Patrick Moore

From Academic Kids

This article is about Patrick Moore, the astronomer. See also Patrick Moore (environmentalist).

Sir Patrick Moore, CBE, FRS (born March 4, 1923) is an amateur astronomer, member and former president of the British Astronomical Association, author of over 70 books on astronomy, presenter of the long-running BBC series, The Sky at Night, and a well-known and well-loved figure on British television.

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Biography

Moore was born in Pinner in Middlesex, and grew up in Sussex, where he was educated at home because of poor health. It was during this time that he first developed an interest in astronomy.

During the Second World War, he served as a navigator in RAF Bomber Command. Moore's only known relationship ended when his fiancée, a nurse, was killed when a bomb fell on her ambulance.

At the end of the War, Moore continued to observe the Moon using the home-made reflecting telescope in his garden, eventually leading him to become a specialist in lunar observation.

In 1957 he began presenting the television series that made him famous, and which has appeared every month since, with the exception of July 2004, making him the world's longest running television presenter.

In 1959, the Russians used his charts to correlate their first pictures of the far side of the Moon; he was involved in the lunar mapping used by the NASA Apollo space missions. His TV programme has popularised astronomy in the UK and beyond and, through his writing Patrick Moore has influenced several generations of astronomers.

From 1965 to 1968 Patrick Moore was the Director of the Armagh Planetarium.

For a time during the 1970s Moore was the Chairman of the anti-immigration United Country Party. He held this position until the party was absorbed by the New Britain Party in 1980.

Moore received the Jackson-Gwilt Medal of the Royal Astronomical Society in 1977, and the Klumpke-Roberts Award of the Astronomical Society of the Pacific in 1978.

In the early 1990s he appeared as the disembodied Gamesmaster in the Channel 4 video game gameshow GamesMaster.

Patrick Moore has written the occasional science fiction novel. In 1977 he published the first in his Scott Saunders Space Adventure series, aimed primarily at a younger audience (in a similar way to Asimov's Norby series). This series eventually ran to six novels. In 2001, Patrick Moore discussed his Scott Saunders novels in a notable appearance on the Channel 4 comedy programme, The Pooters, which also featured Charlie Skelton and Alan Connor.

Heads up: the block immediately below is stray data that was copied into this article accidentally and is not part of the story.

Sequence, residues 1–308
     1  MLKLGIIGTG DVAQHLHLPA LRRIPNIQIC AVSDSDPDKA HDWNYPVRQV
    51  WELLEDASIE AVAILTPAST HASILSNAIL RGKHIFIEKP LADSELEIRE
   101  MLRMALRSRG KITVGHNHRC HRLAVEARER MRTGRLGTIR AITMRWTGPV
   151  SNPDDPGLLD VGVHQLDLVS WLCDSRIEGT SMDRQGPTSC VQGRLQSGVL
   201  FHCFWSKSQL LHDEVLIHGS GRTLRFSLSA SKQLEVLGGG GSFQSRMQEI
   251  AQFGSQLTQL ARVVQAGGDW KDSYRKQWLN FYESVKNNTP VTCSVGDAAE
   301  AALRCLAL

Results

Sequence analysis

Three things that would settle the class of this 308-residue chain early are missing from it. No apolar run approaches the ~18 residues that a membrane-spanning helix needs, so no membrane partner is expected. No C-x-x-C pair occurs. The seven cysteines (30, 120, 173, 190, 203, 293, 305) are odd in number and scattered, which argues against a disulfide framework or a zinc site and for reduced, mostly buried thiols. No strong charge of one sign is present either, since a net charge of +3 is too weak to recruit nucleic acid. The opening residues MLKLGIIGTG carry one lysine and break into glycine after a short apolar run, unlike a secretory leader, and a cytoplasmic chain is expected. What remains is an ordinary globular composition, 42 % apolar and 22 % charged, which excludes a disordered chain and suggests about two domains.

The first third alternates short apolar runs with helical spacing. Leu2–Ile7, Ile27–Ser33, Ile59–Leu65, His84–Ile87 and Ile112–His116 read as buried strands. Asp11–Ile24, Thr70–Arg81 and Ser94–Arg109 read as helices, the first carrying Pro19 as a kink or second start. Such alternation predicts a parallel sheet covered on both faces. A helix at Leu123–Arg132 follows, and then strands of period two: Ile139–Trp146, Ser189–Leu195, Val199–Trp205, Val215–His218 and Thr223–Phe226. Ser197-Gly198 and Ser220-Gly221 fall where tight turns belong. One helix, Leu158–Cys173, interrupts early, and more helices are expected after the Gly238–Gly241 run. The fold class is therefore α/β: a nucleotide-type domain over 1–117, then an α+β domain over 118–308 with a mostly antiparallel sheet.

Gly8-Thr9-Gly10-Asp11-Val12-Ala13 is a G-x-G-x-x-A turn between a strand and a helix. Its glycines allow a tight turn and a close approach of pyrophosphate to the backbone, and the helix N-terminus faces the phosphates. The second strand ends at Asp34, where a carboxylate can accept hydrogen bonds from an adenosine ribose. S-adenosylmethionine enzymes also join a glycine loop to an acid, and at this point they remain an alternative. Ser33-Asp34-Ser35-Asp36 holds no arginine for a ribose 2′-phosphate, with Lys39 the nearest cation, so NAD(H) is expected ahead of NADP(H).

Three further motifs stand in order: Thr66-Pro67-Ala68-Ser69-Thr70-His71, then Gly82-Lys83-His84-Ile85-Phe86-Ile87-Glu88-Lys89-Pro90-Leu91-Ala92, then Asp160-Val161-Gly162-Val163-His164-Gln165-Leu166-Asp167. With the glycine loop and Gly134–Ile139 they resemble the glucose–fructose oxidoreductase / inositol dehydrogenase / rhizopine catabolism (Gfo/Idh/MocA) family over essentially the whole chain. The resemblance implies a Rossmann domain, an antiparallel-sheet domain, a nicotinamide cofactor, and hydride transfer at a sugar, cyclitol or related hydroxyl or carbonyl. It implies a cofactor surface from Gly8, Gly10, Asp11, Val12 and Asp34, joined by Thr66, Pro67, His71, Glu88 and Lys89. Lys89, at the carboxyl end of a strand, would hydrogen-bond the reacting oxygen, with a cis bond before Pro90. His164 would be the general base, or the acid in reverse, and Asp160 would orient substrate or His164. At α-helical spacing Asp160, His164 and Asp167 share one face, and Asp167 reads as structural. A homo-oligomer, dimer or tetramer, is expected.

In 2001 Patrick Moore received a knighthood from the Queen, became a fellow of the Royal Society and won a BAFTA for his services to television. Asteroid 2602 Moore is named after him.

In July 2004 he was named in the Radio Times list of the top 40 most eccentric TV presenters of all time.

Moore in popular culture

Moore's reputation for eccentricity stems mainly from his mode of speech, his trademark monocle, and his fondness for the xylophone. He is an accomplished musician and is not averse to performing novelty turns such as at the Royal Variety Performance and appearing in a song-and-dance act in a Morecambe and Wise Christmas spectacular. As a pianist, Patrick Moore once accompanied Albert Einstein playing 'Le Cygne' by Camille Saint-Saëns on the violin. However, no recording of the performance exists.

Moore appeared a number of times, usually in self-parodying roles, on The Goodies.

A song composed to accompany a Macromedia Flash animation created by Weebl and Rob Manuel states repeatedly that "Patrick Moore plays the xylophone".

Patrick Moore is also credited among various niches scattered about the Internet with being one of the few men to continue the time-honoured tradition of wearing a monocle.

Patrick Moore garnered an affectionate mention in a 2005 episode of the long running BBC series Doctor Who entitled Aliens of London. The Doctor's companion Rose Tyler jokingly suggests Patrick Moore is the world's pre-eminent expert on extra-terrestrial life.

Bibliography (incomplete)

Scott Saunders series

External links

nl:Patrick Moore sl:Patrick Moore

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